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Hathaway Hoping to Be the Best

“I’m just predicting an exciting fight for both of us. We’re both going to lay it all on the line.” - John Hathaway
John Hathaway aspires to be the premier welterweight in the UFC. Yet the former semi-pro rugby player could do without the notoriety that would likely come with ascension.

“I don’t ever get recognized too much” in public, said the exceptionally modest and reserved British fighter. “I don’t mind not getting recognized. This is just the person I am. My family and my parents brought me up that way. My dad is a very hardworking, humble kind of guy. He started off working as a boiler repair guy, which is like central heating in the states. My father wound up owning the company and running a lot of the boiler services for the county. So I’ll always be a fairly nice, humble guy with a level head on me. But competing hard will show me in the best light.”

Just 23 years old, Hathaway has the promising look of a fighter who will someday join Michael Bisping and Dan Hardy as the best British MMA has to offer. But to continue on that path he must make amends for a setback last October, where he dropped a unanimous decision to Xtreme Couture grappling ace Mike Pyle. It marked the first defeat of Hathaway’s 15-fight career and he is eager to rebound against Kris McCray, his March 26 opponent at UFC Fight Night 24 in Seattle, Wash.

“The loss helped motivate me for this camp,” Hathaway said. “Initially it was quite devastating. My hat is off to Mike Pyle, he came in and had a great gameplan on the night. As for Kris, he’s coming down in weight and he’s a good strong athlete with a high standard of wrestling. Wrestling is probably his strongest point but he throws very hard punches. I think he’ll probably try to catch me with a big punch or kick as well.”

McCray (6-2), who trains with the likes of UFC lightweight champ Frankie Edgar, Ricardo Almeida and Renzo Gracie, is a physical specimen with a knack for slamming and submitting foes. He is a quick worker, finishing four of his fights in under a minute.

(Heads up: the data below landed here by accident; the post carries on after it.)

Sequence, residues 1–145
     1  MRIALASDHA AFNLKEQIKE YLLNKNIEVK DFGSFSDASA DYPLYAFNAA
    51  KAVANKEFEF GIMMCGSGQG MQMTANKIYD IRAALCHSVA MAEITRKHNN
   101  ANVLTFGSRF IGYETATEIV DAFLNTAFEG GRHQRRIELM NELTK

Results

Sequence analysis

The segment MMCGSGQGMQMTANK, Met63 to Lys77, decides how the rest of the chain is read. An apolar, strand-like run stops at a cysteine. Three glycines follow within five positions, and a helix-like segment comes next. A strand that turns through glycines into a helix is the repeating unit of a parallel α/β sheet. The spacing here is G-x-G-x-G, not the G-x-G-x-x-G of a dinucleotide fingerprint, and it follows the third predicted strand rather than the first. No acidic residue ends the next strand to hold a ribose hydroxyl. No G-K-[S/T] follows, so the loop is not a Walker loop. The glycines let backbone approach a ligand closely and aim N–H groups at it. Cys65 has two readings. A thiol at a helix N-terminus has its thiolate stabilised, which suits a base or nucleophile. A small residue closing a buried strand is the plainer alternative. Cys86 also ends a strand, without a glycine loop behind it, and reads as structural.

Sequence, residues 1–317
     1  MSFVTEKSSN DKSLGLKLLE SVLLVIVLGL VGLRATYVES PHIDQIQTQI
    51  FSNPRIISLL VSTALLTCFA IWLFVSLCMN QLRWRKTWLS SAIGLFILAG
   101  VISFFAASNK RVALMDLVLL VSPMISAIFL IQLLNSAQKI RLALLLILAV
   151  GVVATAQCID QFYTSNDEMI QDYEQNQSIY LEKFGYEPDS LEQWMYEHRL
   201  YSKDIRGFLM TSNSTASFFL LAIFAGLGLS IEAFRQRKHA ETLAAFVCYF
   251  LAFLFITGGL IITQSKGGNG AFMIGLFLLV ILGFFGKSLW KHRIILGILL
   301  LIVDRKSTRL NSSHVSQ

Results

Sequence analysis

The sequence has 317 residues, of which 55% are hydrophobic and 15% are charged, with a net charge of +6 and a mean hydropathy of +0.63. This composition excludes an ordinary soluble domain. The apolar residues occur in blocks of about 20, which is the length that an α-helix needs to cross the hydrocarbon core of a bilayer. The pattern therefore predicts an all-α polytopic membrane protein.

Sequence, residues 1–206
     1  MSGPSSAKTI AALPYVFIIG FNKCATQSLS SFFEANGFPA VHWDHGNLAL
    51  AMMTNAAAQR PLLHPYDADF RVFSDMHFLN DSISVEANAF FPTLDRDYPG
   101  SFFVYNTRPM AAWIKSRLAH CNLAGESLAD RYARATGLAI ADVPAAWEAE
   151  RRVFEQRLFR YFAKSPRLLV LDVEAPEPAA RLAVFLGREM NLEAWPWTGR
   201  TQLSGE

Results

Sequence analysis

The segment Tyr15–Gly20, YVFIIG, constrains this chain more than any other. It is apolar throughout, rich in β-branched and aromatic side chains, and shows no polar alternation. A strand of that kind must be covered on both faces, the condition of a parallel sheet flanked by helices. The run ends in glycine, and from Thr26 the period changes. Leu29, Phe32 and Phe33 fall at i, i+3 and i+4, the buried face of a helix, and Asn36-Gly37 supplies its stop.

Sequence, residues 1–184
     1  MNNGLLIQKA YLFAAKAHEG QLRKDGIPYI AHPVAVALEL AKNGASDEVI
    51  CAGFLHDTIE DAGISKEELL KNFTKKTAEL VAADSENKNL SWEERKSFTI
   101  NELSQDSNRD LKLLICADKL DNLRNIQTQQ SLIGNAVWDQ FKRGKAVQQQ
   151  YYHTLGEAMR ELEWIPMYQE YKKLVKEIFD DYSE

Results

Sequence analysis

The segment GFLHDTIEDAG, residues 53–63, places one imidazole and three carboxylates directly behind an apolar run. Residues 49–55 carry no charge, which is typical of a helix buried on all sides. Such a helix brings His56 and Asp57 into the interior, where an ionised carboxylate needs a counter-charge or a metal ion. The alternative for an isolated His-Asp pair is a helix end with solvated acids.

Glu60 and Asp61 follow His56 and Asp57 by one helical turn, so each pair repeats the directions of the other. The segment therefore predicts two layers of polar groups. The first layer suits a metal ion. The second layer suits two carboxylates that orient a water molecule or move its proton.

“We didn’t change up anything for this camp. We just worked on some weaknesses and holes in my game,” said Hathaway, who trains with ZT Fight Skool and London ShootFighters in London. “I’ve trained a couple of times over in the States, but London ShootFighters has the best coaches for my style. I have everything I need to succeed so I have no need to change anything at the moment. I stayed fit and healthy during the entire camp. I’m coming in real strong, I think.”

Hathaway, 4-1 in the UFC, hopes to regain the momentum he gained last year when he scored a huge upset over Diego Sanchez. It was a one-sided affair, with the much larger Hathaway surprisingly outwrestling a fighter who once earned a high school state wrestling title in New Mexico. The victory exemplified the growing trend of British fighters whose once-subpar wrestling skills have grown leaps and bounds.
 
“It’s just hard work and dedication,” Hathaway said. “Wrestling is a massive area of the game. There are American wrestlers helping out and top European wrestlers (to train with in England). It’s just knowing what we need to work on and working on it. As far as straight wrestling, I’m not amazing, but I seem able to put it together in MMA.”

A relatively big 170-pounder, Hathaway said he easily “walks” around near 200 pounds. He surmises he would weigh even more if he lived in the United States.

“I love the lifestyle out here,” said Hathaway, who arrived in Seattle last week and has been staying busy watching movies (“Tombstone” and “Blow,” and visiting aquariums and science fiction museums). “Everything is bigger in America and the food is quite good. God knows what weight I would be to if I lived out here.”

As for his fight with McCray, Hathaway – true to himself – declined to predict a definitive outcome, saying “I’m just predicting an exciting fight for both of us. We’re both going to lay it all on the line.”

 

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